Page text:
The findings show that some 2,242 acres of land belonging to the defendants and upon which they are using water from the river were purchased by them, respectively, from the United States after the passage of the act of March 3, 1877, known as the Desert Land Act. It is contended by the plaintiffs that, with respect to the waters used by these defendants on said lands under claim that they had a right to do so as riparian owners, the rights of the plaintiffs under their said appropriations are made paramount to such riparian rights by the provisions of the said Desert Land Act. (19 U.S. Stats. 377, [8 Fed. Stats. Ann., 2d ed., p. 692; U.S. Comp. Stats., sec. 4674].)
The title of this act is, "An act to provide for the sale of desert lands in certain States and Territories." It provides for the sale of desert lands in amounts not exceeding one section to any qualified person who declares on oath that he intends to reclaim such desert land by conducting water upon the same within three years thereafter. Then follows a proviso as follows: "Provided however that the right to the use of water by the person conducting the same, on or to any tract of desert land of six hundred and forty acres, shall depend upon bona fide prior appropriation: and such right shall not exceed the amount of water actually appropriated, and necessarily used for the purpose of irrigation and reclamation: and all surplus water over and above such actual appropriation and use, together with the water of all lakes, rivers and other sources of water supply upon the public lands and not navigable, shall remain and be held free for the appropriation and use of the public for irrigation, mining and manufacturing purposes subject to existing rights." (Sec. 1.) Section 2 of the act provides: "That all lands exclusive of timber lands and mineral lands which will not, without irrigation, produce some agricultural crop, shall be deemed desert lands, within the meaning of this act." Section 3 provides further that "the determination of what may be considered desert land shall be subject to the decision and regulation of the Commissioner of the General Land Office."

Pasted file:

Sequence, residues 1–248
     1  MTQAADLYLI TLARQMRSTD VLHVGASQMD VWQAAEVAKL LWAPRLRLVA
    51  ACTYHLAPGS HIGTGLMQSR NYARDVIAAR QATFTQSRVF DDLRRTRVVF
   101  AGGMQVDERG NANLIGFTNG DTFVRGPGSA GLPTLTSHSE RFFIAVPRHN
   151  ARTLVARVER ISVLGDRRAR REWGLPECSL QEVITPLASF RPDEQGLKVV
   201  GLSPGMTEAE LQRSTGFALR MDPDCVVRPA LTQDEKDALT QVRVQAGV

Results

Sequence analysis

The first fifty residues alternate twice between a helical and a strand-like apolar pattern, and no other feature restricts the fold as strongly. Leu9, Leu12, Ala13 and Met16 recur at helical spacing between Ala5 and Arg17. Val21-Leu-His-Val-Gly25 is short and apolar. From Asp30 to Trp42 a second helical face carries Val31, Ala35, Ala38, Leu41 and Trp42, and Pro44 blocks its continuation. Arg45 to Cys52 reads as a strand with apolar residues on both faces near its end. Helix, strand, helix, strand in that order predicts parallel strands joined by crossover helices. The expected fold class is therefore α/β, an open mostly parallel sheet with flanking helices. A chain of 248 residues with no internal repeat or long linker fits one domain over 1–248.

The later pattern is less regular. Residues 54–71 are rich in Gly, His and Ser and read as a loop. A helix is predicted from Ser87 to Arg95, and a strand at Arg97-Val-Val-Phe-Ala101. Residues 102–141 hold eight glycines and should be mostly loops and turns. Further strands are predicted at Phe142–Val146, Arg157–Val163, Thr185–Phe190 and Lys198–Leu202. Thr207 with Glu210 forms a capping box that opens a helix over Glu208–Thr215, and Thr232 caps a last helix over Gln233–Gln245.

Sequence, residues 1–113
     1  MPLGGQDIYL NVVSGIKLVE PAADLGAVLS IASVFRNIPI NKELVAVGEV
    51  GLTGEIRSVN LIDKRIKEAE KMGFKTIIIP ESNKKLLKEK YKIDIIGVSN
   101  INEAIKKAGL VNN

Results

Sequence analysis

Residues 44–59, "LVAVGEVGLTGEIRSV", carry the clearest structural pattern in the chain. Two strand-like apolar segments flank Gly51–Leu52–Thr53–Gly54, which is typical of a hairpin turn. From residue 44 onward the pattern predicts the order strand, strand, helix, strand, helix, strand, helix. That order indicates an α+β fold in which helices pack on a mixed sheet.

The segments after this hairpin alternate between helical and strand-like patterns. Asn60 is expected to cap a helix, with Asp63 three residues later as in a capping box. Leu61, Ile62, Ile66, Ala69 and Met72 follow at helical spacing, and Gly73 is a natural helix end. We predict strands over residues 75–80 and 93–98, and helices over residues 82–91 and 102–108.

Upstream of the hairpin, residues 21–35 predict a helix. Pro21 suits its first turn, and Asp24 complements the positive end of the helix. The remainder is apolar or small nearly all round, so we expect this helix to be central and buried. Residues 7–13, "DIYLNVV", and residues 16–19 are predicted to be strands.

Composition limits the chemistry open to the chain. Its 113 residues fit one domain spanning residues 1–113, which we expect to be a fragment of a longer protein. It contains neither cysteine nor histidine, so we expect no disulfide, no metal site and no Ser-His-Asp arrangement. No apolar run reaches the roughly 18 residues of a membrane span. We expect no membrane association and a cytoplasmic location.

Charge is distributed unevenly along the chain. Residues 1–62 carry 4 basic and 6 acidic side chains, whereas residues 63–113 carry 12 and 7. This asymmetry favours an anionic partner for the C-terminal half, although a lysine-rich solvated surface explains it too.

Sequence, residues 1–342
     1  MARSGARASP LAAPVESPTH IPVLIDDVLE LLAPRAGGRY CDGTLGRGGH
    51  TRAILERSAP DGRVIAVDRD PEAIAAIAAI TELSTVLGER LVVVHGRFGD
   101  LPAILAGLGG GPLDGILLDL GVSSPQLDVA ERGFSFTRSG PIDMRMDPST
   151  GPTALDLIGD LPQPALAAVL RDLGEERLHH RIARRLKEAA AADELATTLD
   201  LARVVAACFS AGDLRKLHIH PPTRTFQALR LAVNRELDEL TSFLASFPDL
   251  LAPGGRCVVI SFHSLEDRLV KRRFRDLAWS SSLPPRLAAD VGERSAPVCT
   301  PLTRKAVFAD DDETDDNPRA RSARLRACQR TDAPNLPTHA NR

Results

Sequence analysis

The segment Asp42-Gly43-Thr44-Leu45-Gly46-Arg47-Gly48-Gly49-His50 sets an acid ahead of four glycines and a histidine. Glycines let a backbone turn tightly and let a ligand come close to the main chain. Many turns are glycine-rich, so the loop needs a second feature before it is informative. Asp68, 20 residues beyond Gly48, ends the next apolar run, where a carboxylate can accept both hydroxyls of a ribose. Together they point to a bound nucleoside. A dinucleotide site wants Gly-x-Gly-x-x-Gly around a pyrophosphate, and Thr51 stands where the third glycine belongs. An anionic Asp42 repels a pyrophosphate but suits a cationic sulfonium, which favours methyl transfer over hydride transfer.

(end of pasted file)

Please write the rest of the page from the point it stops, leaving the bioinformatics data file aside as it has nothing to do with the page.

The theory of the plaintiffs is that this act operates as a separation of the riparian rights pertaining to all lands of the United States from the land itself and a dedication of the waters covered by such riparian rights to public use for irrigation, mining, and manufacturing purposes, and that in consequence of this dedication the riparian rights pertaining to the land acquired from the United States by the defendants after the passage of said act are subject and subordinate to the rights of the plaintiffs to take the water so appropriated by them and devote the same to public use as they have been and are doing. In support of this proposition the plaintiffs rely on the decision of the supreme court of Oregon in Hough v. Porter, 51 Or. 318, [ 95 P. 732, 98 P. 1083]. The court in that case, in a very elaborate opinion, reached the conclusion that the last clause of section 1 above quoted applied to all lands of the United States and was a dedication of the waters thereon to public use subject to existing rights. The supreme court of Washington, however, in Still v. Palouse etc. Co., 64 Wn. 606, [117 P. 466], and in Bermot v. Morrison, 81 Wn. 538, [Ann. Cas. 1916D, 290, 143 P. 111], reached precisely the opposite conclusion. In the first-mentioned Washington case the court said: "The act itself manifestly relates only to the reclamation of desert lands and confines the use of the water to the amount 'actually appropriated and necessarily used for the purpose of irrigation and reclamation,' such right to be determined by bona fide prior appropriation. As to such lands, Congress recognized and assented to the appropriation of water in contravention of the common-law right of the lower riparian owner to insist on the continuous flow of the stream," and it proceeded to hold that as none of the persons making this claim had settled upon or obtained the land as desert lands under the act of 1877, no rights under said act were attached to such lands. This decision was followed in the subsequent case. We think the conclusion of the Washington supreme court was correct. It is obvious from the framework and language of the act of 1877 that it was not intended to apply to all the public lands of the United States. Its main purpose was to provide for the sale of desert lands which could be reclaimed by bringing water thereon. It may be true that as to such lands the purpose was to divert the riparian rights in the waters existing thereon and devote the same to the public uses stated. We do not think that question is involved in the present case and we need not express any opinion on it. There is nothing in the act which justifies giving that particular part thereof so wide an application as to embrace all lands of the United States, wherever situated. The plaintiffs do not claim that any of the land belonging to the defendants was purchased or acquired under the Desert Land Act, and there is no finding that in fact such lands were desert lands. The act itself commits the determination of the question what may be considered desert lands to the commissioner of the general land office. It is not claimed that he has made any determination of the fact with respect to any tract of land in controversy in this action. It was for the plaintiffs to show this fact, if it were material to their case, and as they have not done so we must presume that no such determination was ever made. It follows from what we have said that the rights of the plaintiffs under their appropriations are not affected by the provisions of the Desert Land Act.